BATON ROUGE, La. – On Tuesday May 7, 2013, the Coastal Builders association hosted the annual Coastal Day with the Legislators at the state Capitol building. The CWPPRA Outreach had a booth set up in the main rotunda. Since both the state House and Senate were in session, it was a great opportunity to educate many representatives from around the state about the devastating impacts of Louisiana’s land loss and the great efforts of the CWPPRA projects to prevent future land loss and restore much of the lost areas.
LAFAYETTE, La. – On Friday April 19, 2013, CWPPRA Outreach staff participated in Fête de la Terre at the University of Louisiana. The event is held annually to celebrate Earth Day and engage students in different topics related to sustainability. Cole Ruckstuhl, CWPPRA Media Specialist, and Josh Coen, CWPPRA Outreach Intern, spoke with students about CWPPRA’s importance in securing the culture and economy for future generations.
March 14, 2013
THIBODAUX, La. – Lt. Gov. Jay Dardenne, oral historians, photographer, painter, and members of the public joined together at the Jean Lafitte National Historical Park and Preserve in Thibodaux, LA last night to celebrate wetlands and lives unique to Louisiana. Opening the event and art show titled “I Remember…” was Parish President Charlotte Randolph.
With nearly 700 years of experience between the oral historians alone the tales, photos, and paintings communicated the story of living along a Louisiana’s fragile coastline. Oral historians recognized at the exhibit were:
- Davie Breaux, operations manager at Port Fourchon, who explained the need for coastal restoration and how a lifetime of wetland use goes far beyond a job.
- Cindy Cutrera who discussed how she and her family use the wetlands of Lake End Park near Morgan City for recreational purposes
- Buddy Daisy and Earl Melancon who teamed up to weave the tale of being an oysterman in Louisiana. This matchless interview provided an exclusive view of the oyster business.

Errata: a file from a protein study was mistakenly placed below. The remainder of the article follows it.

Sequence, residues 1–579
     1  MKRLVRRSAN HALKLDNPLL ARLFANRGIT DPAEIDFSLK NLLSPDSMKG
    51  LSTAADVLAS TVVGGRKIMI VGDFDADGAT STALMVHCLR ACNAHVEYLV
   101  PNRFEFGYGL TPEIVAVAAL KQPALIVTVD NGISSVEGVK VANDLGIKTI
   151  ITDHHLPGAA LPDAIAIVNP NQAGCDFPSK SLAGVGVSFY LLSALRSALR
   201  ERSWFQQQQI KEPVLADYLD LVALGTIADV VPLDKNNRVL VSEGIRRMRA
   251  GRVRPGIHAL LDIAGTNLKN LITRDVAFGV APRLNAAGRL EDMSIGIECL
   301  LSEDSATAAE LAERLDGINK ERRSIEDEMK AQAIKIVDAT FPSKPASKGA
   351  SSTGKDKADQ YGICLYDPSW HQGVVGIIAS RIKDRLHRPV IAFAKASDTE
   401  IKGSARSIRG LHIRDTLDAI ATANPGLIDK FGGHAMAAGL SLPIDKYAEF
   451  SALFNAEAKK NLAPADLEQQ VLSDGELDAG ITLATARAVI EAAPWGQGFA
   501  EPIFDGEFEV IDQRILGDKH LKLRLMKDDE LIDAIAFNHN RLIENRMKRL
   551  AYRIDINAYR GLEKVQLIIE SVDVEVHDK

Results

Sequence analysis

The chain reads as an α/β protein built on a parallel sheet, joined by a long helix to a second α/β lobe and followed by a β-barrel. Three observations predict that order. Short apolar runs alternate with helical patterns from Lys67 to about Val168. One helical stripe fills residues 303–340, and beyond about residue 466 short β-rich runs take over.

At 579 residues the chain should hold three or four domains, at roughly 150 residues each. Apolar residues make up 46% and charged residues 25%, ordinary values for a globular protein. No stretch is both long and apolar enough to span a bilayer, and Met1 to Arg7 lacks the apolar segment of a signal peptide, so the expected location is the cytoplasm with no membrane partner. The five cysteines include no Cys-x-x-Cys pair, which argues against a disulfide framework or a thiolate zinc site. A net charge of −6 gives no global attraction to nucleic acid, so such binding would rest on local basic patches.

- Brenda Dardar Robichaux, former Principal Chief of the United Houma Nations, gave a first-hand view of how the Native Americans of Louisiana are coping with the ever changing landscapes and the dire need for restoration.
- Marietta Smith-Greene, landowner, described how family and legislative acts such as the Coastal Wetlands Planning, Protection and Restoration Act (CWPPRA) are making a difference in coastal restoration.
- Sue Laudeman, recently retired education curator of the Historic New Orleans Collection, recalled life as a girl in New Orleans and her relationship with the wetlands that surround the urban area.
- Kerry St. Pé, executive director of the Barataria-Terrebonne National Estuary Program, examined the ongoing connection between man and nature and the delicate balances of conservationism.
- Sherrill Sagrera, farmer, landowner, and CWPPRA activist, illustrated his ongoing crusade to educate people about the dangers of letting Louisiana’s vanishing wetlands slip away.
- Eddie Sapia, a retired shrimper from Lafitte, delivered a first-hand account of wetland changes over his life.
- Yancey Welch, crabber, alligator hunter, and family man of southwest Louisiana, articulated his conflicts with gators and hurricanes while showing great respect for distinctive ecosystem that surrounds him.
The entire oral histories can be accessed online at the LaCoast.gov website link http://lacoast.gov/new/GetInvolved/OralHistory.aspx
According to Lt. Gov. Dardenne the exhibit is important because “I don’t think there’s any greater challenge we face as a state than to make sure that the culture and the communities on this coast have a future.”
Photographer Lane Lefort expressed that he has long wanted to tell the tale of the ordinary men and women who call Louisiana home. Spending years as a nature photographer, Lefort has met a host of local people who helped him find beautiful plants, animals, and habitats. In capturing wildlife, Lefort became acutely aware that humans’ interaction with nature should also be captured in photos. He noted that this art show reveals the story of the people of his home.
Artist Marian Brister Martinez noted that, “Change is inevitable but memories are a part of what shapes us. We all have them. It’s important to pass these memories along to our children and grandchildren so they can have a sense of place and belonging in our families.” The art show is an extraordinary way to capture this unique culture and time in Louisiana history.
The exhibit was created by the Coastal Wetlands Planning, Protection and Restoration Act Task Force and Public Outreach Committee in an effort to develop beautiful still, digital, photograph portraits and in depth wetland related oral histories that record the unique culture and diversity of the peoples that live, work, and protect Louisiana. These portraits, photos, paintings, and oral histories are designed to engage the public in the value of defending and restoring delicate coastal habitats. The exhibit will remain open at 314 St. Mary Street, Thibodaux, LA through May 8, 2013. The public is invited to visit this free showing.